Here is an example of creating two empty game objects for two of the tennis court corners.  Because the Joint Texture is set to "joint_circle", they show up as spheres in the editor.

It's very important that these are created as sub objects of the model (in this screenshot, the tennis court model was imported as "4"), otherwise it won't work.

Add a JointLabel to each of these new game objects.  Hit Add Component, search for and choose JointLabel, and then add a label that corresponds to the label used in your keypoint template defined above.

Notice in the above screenshot the Y value is set to 0.1, slightly above the surface.  This is important if you want the visibility state to be set to 2 - in my experience if it was set to 0.0 it will use a visibility state as 1, which is defined as:

1 denotes a joint that is inside of the image but cannot be seen because the part of the object it belongs to is not visible in the image

Step 5: Add a label ID file

Right-click the Assets folder, then click Create → Perception → ID Label Config.  Add the same labels as used in the keypoint template (sorry about the duplicated work, I don't know of a better way).  

It should look like this:

Step 6: Add and configure a perception camera

See the unity perception tutorial for details.  

Add a Keypoint Labeler to the Camera Labelers section, and associate the Active Template with the keypoint template created above, and the Id Label Config with the Id Label Config created above.

On your PerceptionCamera add your new KeypointTemplate to KeypointLabeler 'Active Template' field

Step 7: Setup labeling on the tennis court

Select the tennis court mesh and in the Inspector choose Add Component / Labeling.

Then expand the TennisCourtIdLabelConfig, and for each keypoint label, click the Add to Labels button.

Alternatively, there is an option to use Automatic Labeling as described in this youtube video (I haven't tried it)

Step 8: Add a fixed length simulation scenario

Add a new empty game object to the top level of the scene, rename it to SimulationScenario, and add a Fixed Length Scenario component.

Step 9: Run scenario and inspect the output

Hit the play button at the top of the screen to run the scenario, and notice that your keypoints will show up with the corresponding colors set in the keypoint template file (different shades of green in this case)

To inspect the annotations, go to Edit / Project Settings / Perception, and click the Show Folder button.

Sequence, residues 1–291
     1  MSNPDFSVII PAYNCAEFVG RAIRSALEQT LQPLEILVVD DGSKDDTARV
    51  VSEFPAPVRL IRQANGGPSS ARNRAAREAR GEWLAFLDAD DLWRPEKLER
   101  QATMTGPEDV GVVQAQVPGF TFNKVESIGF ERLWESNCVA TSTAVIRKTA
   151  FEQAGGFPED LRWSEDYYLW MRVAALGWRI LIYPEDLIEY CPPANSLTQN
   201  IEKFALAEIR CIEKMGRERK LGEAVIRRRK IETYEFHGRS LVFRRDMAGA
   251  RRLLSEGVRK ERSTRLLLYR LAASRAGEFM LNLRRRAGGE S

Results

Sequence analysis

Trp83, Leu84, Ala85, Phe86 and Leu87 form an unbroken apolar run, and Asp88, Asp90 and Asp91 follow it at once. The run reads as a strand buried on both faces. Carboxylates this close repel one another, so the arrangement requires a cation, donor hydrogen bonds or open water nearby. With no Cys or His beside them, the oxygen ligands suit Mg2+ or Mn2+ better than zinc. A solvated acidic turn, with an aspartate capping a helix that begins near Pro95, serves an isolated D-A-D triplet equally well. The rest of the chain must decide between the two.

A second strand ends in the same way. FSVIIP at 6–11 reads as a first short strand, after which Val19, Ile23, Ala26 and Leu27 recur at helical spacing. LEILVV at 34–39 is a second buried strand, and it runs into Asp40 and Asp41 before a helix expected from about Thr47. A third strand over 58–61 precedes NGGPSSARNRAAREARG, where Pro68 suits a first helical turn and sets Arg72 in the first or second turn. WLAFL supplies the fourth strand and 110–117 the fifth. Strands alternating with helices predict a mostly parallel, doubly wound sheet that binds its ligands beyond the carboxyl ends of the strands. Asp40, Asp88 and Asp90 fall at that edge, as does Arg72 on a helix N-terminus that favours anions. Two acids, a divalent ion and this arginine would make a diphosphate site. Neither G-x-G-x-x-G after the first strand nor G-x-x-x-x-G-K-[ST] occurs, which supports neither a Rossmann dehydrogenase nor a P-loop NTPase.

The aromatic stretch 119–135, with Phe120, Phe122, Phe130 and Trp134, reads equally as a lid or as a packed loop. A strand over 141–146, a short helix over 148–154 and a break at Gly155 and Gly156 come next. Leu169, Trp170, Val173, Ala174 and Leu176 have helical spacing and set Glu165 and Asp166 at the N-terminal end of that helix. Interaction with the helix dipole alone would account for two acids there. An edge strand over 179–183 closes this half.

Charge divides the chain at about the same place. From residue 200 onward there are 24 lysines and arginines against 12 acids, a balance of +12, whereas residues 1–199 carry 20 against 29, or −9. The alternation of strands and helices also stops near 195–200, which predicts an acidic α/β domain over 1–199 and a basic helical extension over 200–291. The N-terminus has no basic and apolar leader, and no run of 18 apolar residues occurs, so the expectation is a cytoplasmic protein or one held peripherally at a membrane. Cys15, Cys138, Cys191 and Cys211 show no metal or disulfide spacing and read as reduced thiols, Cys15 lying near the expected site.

Open the folder with the highest number, eg, solo_23, which will be the latest. Open one of the .json files under a sequence.x folder, and you should see the keypoint annotations with their locations in the image.

      "annotations": [
          "@type": "",
          "id": "keypoints",
          "sensorId": "camera",
          "description": "Produces keypoint annotations for all visible labeled objects that have a humanoid animation avatar component.",
          "templateId": "4df59403-9926-492e-9a36-6c84235df8f1",
          "values": [
              "instanceId": 1,
              "labelId": 1,
              "pose": "unset",
              "keypoints": [
                  "index": 0,
                  "location": [
                  "cameraCartesianLocation": [
                  "state": 2
                  "index": 1,
                  "location": [
                  "cameraCartesianLocation": [
                  "state": 2

In this example, the keypoint on the left side is at (x,y) coordinate in the image of (186.28, 267.24)

The "state": 2 indicates that it is visible in the scene.  

Adding randomizers

At this point, the dataset generated would only be a single annotated image.  To generate a larger dataset from this tennis court model, Unity Perception supports the ability add randomizers for things like:

  1. Object(s) translation/rotation
  2. Lighting conditions
  3. Many more..

For now let's just add a rotation randomizer:

  1. Create and configure the rotation randomizer
  2. Associate the rotation randomizer label with the object you want to be rotated

In the SimulationScenario object, add a RotationRandomizer with the following settings (it only "spins" around the y-axis)

Then, in the tennis court object inspector, Add Component and choose Rotation Randomizer Tag.    This creates the linkage with the rotation randomizer in the simulation scenario.

To avoid motion blur, you will also need to disable motion blur, as documented in Step 5 of the Unity Perception tutorial.

Motion blur effects on a different tennis court model

Now when you run the simulation, it will generate annotated images of the tennis court from various camera angles.

As mentioned earlier, the annotations for this dataset can be viewed by going to Edit / Project Settings / Perception, and click the Show Folder button.


We've now generated a labeled dataset of tennis court images with labeled keypoints, which can be used to train a CNN model.

Continue to Part 2 to see how to use this dataset to train the CNN.